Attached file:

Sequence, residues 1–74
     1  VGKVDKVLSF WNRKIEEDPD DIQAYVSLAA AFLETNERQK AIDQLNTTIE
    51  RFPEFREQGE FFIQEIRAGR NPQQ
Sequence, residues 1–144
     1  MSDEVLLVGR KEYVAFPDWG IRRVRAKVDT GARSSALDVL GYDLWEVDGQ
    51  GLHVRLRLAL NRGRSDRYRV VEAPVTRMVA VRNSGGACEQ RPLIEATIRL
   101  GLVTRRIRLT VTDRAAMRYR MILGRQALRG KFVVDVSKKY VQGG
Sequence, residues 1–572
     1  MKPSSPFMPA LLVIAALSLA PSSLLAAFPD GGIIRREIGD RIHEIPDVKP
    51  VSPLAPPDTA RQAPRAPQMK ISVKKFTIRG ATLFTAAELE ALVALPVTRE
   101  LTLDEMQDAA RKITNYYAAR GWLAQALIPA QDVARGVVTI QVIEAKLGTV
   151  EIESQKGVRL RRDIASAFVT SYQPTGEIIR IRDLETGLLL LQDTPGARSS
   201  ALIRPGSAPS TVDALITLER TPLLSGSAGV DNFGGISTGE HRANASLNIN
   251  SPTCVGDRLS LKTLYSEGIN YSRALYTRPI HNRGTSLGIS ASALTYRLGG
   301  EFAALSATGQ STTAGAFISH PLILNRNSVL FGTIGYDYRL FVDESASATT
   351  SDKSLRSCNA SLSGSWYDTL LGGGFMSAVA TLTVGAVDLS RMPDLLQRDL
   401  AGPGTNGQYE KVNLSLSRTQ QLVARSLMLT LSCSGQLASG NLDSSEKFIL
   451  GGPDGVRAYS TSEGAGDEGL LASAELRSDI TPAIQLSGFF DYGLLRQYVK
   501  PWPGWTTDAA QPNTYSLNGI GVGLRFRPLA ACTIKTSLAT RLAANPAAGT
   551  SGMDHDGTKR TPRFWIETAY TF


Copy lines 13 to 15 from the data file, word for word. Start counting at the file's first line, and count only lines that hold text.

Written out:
   201  ALIRPGSAPS TVDALITLER TPLLSGSAGV DNFGGISTGE HRANASLNIN
   251  SPTCVGDRLS LKTLYSEGIN YSRALYTRPI HNRGTSLGIS ASALTYRLGG
   301  EFAALSATGQ STTAGAFISH PLILNRNSVL FGTIGYDYRL FVDESASATT